COLUMBIA, SC.- The Columbia Museum of Art
is the recipient of 594 works of art from Dorothy and Herbert Vogel, internationally recognized collectors of contemporary art. This substantial collection represents work in various media by 27 different artists including Richard Artschwager, Michael Lucero, Lucio Pozzi, Pat Steir, Daryl Trivieri, among others. Thirteen of these artists are not currently represented in the Museums collection.
The work of Trivieri and Pozzi comprises the bulk of the gift, and each artist is a master of a variety of media. Trivieri is at home with a ballpoint pen as he is with a motor-driven airbrush. His subjects include fantastic animals rendered with uncanny technical precision as well as ghostly, cloud-like portraits that fade away at the edges. Pozzi is an artist of limitless energy, at one moment creating a series of squares arranged on boldly painted blue backgrounds, and the next moment painting a brightly-colored seascape from up high on an Italian bluff. It is characteristic of contemporary artists that they drift from one medium to another, experimenting with many and mastering several.
We are both honored and thrilled to be the recipient of this important collection from Herb and Dorothy Vogel, two of Americas leading collectors of cutting-edge contemporary art, Karen Brosius, CMA executive director, said. Their generous gift greatly strengthens our contemporary collection and supports our mission to celebrate outstanding artistic creativity.
"I was intimately involved in the Vogel's Fifty Works for Fifty States initiative and saw how pleased they were by the enthusiasm of the Columbia Museum of Art at the time of that gift," Ruth Fine, recently retired National Gallery of Art curator of special projects in modern art, said. "In the field of contemporary art, the Vogels were inspired by the Kress Collection with works by old masters."
Herb Vogel is a retired postman, Dorothy a retired librarian, and on their modest incomes, they built a collection of over 4,500 objects spanning all media and covering the most innovative art movements of the late 20th century. Having worked in public service all their lives, the Vogels chose to give their art to art museums throughout the country. The National Gallery of Art in Washington, DC, is the largest repository of the Vogel collection with 914 works. Additionally, in 2008 the Vogels gave 50 works of art to a museum in each of the 50 states, wanting to share their collection with the nation. Their joint knowledge and insight as collectors are explored in the 2008 award-winning film, Herb and Dorothy.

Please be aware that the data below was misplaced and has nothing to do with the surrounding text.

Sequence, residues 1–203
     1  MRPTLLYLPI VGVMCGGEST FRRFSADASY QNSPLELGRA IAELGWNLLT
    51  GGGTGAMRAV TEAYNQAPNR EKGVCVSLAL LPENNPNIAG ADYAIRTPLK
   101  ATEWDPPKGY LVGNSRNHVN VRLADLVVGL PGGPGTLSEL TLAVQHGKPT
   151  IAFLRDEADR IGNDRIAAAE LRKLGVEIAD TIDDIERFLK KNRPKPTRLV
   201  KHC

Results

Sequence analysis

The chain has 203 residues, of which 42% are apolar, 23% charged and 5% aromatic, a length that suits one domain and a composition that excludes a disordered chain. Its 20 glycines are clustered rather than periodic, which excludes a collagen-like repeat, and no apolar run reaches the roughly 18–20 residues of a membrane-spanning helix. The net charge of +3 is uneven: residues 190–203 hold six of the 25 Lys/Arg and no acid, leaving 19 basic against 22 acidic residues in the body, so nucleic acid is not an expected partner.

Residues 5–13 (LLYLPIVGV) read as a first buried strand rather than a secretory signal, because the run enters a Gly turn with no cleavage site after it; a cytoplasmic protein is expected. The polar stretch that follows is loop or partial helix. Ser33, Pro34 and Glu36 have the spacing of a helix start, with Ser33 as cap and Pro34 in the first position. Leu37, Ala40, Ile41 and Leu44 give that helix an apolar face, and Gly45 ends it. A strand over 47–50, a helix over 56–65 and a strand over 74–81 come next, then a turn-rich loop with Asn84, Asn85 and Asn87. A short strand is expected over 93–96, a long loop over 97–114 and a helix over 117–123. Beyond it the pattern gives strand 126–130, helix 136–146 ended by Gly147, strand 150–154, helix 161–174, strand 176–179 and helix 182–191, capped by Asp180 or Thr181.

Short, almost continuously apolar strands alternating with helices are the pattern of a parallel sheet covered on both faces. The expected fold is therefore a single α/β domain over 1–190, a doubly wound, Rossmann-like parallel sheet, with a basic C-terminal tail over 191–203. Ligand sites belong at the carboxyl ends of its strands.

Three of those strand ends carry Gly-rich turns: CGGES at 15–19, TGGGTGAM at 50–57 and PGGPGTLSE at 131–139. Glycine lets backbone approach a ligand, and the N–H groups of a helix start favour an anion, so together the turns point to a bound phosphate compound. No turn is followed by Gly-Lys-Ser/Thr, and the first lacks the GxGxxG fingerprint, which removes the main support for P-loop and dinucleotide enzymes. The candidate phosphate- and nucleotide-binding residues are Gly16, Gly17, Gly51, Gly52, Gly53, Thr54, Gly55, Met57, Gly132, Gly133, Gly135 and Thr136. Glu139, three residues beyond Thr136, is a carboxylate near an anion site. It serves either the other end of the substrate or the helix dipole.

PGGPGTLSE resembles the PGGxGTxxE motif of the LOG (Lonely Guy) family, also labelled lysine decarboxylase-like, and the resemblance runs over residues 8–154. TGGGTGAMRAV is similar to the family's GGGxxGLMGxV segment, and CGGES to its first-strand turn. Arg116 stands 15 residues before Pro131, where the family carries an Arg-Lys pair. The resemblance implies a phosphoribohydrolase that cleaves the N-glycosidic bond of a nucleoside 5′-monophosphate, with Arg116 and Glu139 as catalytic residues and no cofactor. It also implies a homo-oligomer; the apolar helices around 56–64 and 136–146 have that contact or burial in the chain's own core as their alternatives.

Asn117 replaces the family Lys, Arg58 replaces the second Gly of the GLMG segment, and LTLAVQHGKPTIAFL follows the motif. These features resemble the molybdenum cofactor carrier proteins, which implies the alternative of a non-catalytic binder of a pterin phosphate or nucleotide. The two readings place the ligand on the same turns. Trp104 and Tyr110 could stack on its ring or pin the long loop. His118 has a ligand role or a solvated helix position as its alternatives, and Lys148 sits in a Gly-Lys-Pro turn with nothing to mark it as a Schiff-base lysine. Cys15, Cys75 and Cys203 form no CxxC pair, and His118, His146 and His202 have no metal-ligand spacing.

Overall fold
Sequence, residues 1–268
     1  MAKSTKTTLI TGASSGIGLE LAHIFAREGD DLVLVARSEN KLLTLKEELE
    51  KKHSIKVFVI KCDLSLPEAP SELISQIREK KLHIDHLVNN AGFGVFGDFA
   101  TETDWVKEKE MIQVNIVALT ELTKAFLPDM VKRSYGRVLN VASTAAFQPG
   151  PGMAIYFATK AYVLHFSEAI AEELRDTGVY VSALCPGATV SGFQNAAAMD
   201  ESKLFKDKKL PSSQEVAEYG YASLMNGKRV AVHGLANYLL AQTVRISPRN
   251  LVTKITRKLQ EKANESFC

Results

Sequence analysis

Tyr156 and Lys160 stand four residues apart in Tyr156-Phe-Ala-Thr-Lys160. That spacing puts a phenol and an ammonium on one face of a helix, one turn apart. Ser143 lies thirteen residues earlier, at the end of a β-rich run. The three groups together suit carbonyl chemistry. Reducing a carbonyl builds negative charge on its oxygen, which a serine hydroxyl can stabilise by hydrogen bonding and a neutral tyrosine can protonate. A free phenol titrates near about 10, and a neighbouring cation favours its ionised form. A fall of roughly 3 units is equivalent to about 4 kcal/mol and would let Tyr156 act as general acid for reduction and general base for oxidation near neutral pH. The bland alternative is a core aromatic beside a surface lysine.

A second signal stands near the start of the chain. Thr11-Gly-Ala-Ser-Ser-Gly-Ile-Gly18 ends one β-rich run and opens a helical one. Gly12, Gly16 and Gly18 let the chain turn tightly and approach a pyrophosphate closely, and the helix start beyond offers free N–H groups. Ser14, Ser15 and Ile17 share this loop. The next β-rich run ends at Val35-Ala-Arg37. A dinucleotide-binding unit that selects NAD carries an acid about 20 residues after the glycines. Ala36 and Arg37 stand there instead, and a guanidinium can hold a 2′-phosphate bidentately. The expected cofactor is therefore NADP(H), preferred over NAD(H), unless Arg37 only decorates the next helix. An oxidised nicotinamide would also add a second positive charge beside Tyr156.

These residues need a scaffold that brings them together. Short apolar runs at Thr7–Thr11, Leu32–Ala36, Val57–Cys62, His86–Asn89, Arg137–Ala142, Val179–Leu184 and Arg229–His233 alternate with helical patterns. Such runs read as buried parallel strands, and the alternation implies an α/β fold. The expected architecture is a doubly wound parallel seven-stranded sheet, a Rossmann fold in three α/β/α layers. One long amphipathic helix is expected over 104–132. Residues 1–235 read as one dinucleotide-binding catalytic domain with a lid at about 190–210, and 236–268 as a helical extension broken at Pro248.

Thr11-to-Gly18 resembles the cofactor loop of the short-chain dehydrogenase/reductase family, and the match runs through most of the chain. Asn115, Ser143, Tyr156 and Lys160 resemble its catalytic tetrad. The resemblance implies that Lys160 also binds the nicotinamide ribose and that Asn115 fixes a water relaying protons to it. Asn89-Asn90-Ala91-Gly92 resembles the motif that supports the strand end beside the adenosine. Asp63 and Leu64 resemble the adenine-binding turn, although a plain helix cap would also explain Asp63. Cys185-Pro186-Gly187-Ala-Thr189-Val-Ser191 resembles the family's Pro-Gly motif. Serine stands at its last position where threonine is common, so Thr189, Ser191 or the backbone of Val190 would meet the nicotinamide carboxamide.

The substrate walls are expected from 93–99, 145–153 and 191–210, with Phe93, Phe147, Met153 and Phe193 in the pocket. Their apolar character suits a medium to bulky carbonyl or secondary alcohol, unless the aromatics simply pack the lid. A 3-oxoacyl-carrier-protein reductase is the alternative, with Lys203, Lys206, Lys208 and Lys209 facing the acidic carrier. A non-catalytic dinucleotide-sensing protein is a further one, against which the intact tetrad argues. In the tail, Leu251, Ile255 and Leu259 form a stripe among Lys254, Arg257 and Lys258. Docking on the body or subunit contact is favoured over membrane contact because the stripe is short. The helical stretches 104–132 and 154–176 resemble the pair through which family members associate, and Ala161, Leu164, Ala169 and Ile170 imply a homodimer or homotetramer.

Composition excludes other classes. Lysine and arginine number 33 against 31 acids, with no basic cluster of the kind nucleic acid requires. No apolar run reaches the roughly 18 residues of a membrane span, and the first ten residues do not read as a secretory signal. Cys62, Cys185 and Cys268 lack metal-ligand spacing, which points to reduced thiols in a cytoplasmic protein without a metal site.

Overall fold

CMA was selected in 2008 as the recipient of the 50 works of art for South Carolina, a gift that was exhibited in 2010. Brosius visited with the Vogels at the time and expressed interest in a future donation of art, should such a possibility come about. The Vogels noted her enthusiasm and appreciation and determined that CMA would be offered an extensive selection of works remaining in their holdings following the National Gallery of Art donations and the 50/50 gifts.
CMA chief curator Will South visited the National Gallery of Art and met with curators and the Vogels. The couple is deeply involved in the final disposition of their collection, the building of which has been the singular passion of their lives together, South said. That they have selected CMA as the second-largest repository of their art, after the National Gallery, is a significant vote of confidence in our ability to care for and show these works of art.
We are thrilled the Columbia Museum is receiving many works from our collections, as we so much wished to keep large parts of it together. We know the art has found a good home, will be used and appreciated, and enrich the lives of others the way it has for me and Herb, Dorothy Vogel said.